Related Blog Posts on Death and Mourning, Jewish History, Religious Action Center of Reform Judaism, Social Justice, and Tikkun Olam

Extraordinary Ordinary Heroes

Rabbi Deborah Bodin Cohen
Simcha Blass, Helen Suzman, Eddie Jacobson, and Abby Stein all contributed to our world in different ways. Yet, they shared traits - commitment, integrity, resolve and an inner sense that they could make a difference.

Crypto-Foods: A Warm Embrace and the Triumph of Survival

Crystal Hill
During the Spanish Inquisition, there were plenty of ways that one could be identified as a Jew. One way people would identify their neighbors as Jews was observing whether they would eat non-kosher food that was popular with the Christian population such as pork, sausage, or fish without scales.

Cuban American and Jewish: Exploring the History and Intersections of My Communities

Susy Gallor
I've been reflecting on the story of America's founding - the narrative many of us learn as children in the United States. I've recently learned a different version of that story - one that I now recognize intertwines with my own. My identities as Cuban American and Jewish have been shaped by Indigenous stories in America and in Cuba; particularly the themes of beginnings, loss, transformation, and change.

This Tishah B'Av, Act as if There is No God

Shayna Han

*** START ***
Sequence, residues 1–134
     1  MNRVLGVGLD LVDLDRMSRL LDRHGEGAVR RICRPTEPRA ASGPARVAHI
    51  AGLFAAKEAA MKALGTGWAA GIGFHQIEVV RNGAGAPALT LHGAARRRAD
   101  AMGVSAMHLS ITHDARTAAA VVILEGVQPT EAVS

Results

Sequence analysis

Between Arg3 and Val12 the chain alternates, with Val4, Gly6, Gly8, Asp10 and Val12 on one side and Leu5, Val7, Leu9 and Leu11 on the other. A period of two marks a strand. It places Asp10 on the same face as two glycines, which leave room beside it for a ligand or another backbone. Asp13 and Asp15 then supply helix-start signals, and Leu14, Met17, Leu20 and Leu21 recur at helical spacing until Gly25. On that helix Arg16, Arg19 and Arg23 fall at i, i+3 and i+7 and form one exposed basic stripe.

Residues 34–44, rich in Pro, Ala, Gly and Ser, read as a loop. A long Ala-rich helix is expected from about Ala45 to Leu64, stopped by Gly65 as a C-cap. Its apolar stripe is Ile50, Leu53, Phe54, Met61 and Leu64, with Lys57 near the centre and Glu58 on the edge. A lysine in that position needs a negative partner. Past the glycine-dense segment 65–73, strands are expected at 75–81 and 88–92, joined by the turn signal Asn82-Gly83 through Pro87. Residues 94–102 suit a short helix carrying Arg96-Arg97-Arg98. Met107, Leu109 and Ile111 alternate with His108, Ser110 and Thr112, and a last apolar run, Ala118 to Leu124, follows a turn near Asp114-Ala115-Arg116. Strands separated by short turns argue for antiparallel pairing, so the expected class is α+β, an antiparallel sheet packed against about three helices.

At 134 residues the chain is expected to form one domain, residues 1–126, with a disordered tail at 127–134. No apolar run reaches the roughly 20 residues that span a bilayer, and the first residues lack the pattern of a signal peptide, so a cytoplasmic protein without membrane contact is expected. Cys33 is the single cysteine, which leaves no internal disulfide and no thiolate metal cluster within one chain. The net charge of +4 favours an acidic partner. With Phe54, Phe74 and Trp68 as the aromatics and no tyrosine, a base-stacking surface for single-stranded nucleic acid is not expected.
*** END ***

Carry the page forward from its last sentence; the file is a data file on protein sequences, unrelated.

Tishah B'Av is a day of mourning, commemorating the destruction of the First and Second Temples. In recent years, it's also a day to mourn other tragedies that have darkened Jewish history - the Romans putting down the Bar Kochba revolt, mass murders of Jewish communities during the Crusades, expulsions from England, France, and Spain in the Middle Ages, and the Holocaust.

Remembering Rabbi Dow Marmur z”l

Rabbi Rick Jacobs
We have lost one of the G'dolay ha'dor, one of the rabbinic giants of our time. Rabbi Dow Marmur's life reflected the triumphs and tragedy of 20th Century Jewish life, beginning in Poland on the eve of the Shoah to his last days in the State of Israel. He was truly brilliant, incisive, and witty, with unshakable integrity.

Holy Sparks: Celebrating 50 Years of Women in the Rabbinate

Jean Bloch Rosensaft
On June 3, 1972, Rabbi Sally Priesand was ordained by Hebrew Union College-Jewish Institute of Religion as the first woman rabbi in North America. To celebrate this milestone in Jewish and American history, HUC's Dr. Bernard Heller Museum in New York partnered with The Braid's Story Archive of Women Rabbis in Los Angeles to create the exhibition "Holy Sparks," presenting 24 ground-breaking women rabbis who were "firsts" in their time.

Two Out of Two

Yolanda Savage-Narva
As a graduate of both Tougaloo College and Jackson State University, the bomb threats to Historically Black Colleges and Universities (HBCUs) are personal to me. Since January 2022, over a dozen HBCUs have received bomb threats; several of those threats were received on the first day of Black history month. The continuous attacks on institutions of higher learning; places of worship and individual attacks are a direct threat to our everyday existence.